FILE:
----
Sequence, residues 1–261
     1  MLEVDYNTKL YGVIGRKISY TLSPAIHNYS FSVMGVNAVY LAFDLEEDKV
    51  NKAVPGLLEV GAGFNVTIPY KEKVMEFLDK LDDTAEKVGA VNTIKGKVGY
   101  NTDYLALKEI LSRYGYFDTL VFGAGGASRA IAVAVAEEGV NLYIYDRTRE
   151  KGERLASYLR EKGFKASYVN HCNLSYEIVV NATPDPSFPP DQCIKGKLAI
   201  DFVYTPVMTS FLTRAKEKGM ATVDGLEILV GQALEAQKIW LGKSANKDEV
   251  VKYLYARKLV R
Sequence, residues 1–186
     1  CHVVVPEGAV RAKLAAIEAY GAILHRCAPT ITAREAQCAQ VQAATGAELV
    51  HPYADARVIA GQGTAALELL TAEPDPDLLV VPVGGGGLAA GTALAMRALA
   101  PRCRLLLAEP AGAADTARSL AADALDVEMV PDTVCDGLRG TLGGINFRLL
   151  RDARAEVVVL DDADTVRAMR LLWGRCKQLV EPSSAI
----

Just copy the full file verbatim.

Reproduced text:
Sequence, residues 1–261
     1  MLEVDYNTKL YGVIGRKISY TLSPAIHNYS FSVMGVNAVY LAFDLEEDKV
    51  NKAVPGLLEV GAGFNVTIPY KEKVMEFLDK LDDTAEKVGA VNTIKGKVGY
   101  NTDYLALKEI LSRYGYFDTL VFGAGGASRA IAVAVAEEGV NLYIYDRTRE
   151  KGERLASYLR EKGFKASYVN HCNLSYEIVV NATPDPSFPP DQCIKGKLAI
   201  DFVYTPVMTS FLTRAKEKGM ATVDGLEILV GQALEAQKIW LGKSANKDEV
   251  VKYLYARKLV R
Sequence, residues 1–186
     1  CHVVVPEGAV RAKLAAIEAY GAILHRCAPT ITAREAQCAQ VQAATGAELV
    51  HPYADARVIA GQGTAALELL TAEPDPDLLV VPVGGGGLAA GTALAMRALA
   101  PRCRLLLAEP AGAADTARSL AADALDVEMV PDTVCDGLRG TLGGINFRLL
   151  RDARAEVVVL DDADTVRAMR LLWGRCKQLV EPSSAI